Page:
‘Dickens is the master of description. Bleak House begins deep in the murk of London. It is one of my favourite passages. By the end you are practically in the fog it is so detailed. I find the books very painful, particularly the child poverty aspect because Dickens portrayed the children and people on the streets as he saw them.The recent television adaptations of Great Expectations and Edwin Drood have been very good because they have introduced his work to a new and younger audience.’
LONDON. Michaelmas Term lately over, and the Lord Chancellor sitting in Lincoln’s Inn Hall. Implacable November weather. As much mud in the streets as if the waters had but newly retired from the face of the earth, and it would not be wonderful to meet a Megalosaurus, forty feet long or so, waddling like an elephantine lizard up Holborn Hill. Smoke lowering down from chimney-pots, making a soft black drizzle, with flakes of soot in it as big as full-grown snow-flakes — gone into mourning, one might imagine, for the death of the sun. Dogs, undistinguishable in mire. Horses, scarcely better; splashed to their very blinkers. Foot passengers, jostling one another’s umbrellas in a general infection of ill-temper, and losing their foot-hold at street-corners, where tens of thousands of other foot passengers have been slipping and sliding since the day broke (if the day ever broke), adding new deposits to the crust upon crust of mud, sticking at those points tenaciously to the pavement, and accumulating at compound interest.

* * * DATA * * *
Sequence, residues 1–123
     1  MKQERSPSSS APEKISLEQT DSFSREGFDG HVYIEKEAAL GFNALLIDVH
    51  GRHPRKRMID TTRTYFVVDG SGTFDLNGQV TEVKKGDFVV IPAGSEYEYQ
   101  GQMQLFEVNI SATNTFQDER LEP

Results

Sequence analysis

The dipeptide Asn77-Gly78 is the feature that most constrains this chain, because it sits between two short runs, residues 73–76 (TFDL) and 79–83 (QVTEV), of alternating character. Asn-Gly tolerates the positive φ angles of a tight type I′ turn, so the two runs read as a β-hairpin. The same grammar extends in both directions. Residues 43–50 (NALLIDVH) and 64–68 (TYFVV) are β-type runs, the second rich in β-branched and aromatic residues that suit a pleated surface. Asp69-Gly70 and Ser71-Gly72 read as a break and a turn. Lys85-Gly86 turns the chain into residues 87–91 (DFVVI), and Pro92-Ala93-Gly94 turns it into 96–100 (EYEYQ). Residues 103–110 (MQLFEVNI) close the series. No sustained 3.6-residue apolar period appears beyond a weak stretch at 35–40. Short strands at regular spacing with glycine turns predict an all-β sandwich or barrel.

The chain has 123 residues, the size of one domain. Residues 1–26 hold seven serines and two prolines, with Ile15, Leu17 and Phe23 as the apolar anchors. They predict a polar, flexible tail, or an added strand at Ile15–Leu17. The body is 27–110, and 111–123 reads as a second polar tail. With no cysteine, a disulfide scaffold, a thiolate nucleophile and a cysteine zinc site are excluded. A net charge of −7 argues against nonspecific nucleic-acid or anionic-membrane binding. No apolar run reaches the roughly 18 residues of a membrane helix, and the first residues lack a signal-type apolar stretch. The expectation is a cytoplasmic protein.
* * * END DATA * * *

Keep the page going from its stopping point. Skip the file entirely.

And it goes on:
Fog everywhere. Fog up the river, where it flows among green aits and meadows; fog down the river, where it rolls defiled among the tiers of shipping and the waterside pollutions of a great (and dirty) city. Fog on the Essex marshes, fog on the Kentish heights. Fog creeping into the cabooses of collier-brigs; fog lying out on the yards, and hovering in the rigging of great ships; fog drooping on the gunwales of barges and small boats. Fog in the eyes and throats of ancient Greenwich pensioners, wheezing by the firesides of their wards; fog in the stem and bowl of the afternoon pipe of the wrathful skipper, down in his close cabin; fog cruelly pinching the toes and fingers of his shivering little ’prentice boy on deck. Chance people on the bridges peeping over the parapets into a nether sky of fog, with fog all round them, as if they were up in a balloon, and hanging in the misty clouds.
Gas looming through the fog in divers places in the streets, much as the sun may, from the spongey fields, be seen to loom by husbandman and ploughboy. Most of the shops lighted two hours before their time — as the gas seems to know, for it has a haggard and unwilling look.
The raw afternoon is rawest, and the dense fog is densest, and the muddy streets are muddiest near that leaden-headed old obstruction, appropriate ornament for the threshold of a leaden-headed old corporation, Temple Bar. And hard by Temple Bar, in Lincoln’s Inn Hall, at the very heart of the fog, sits the Lord High Chancellor in his High Court of Chancery.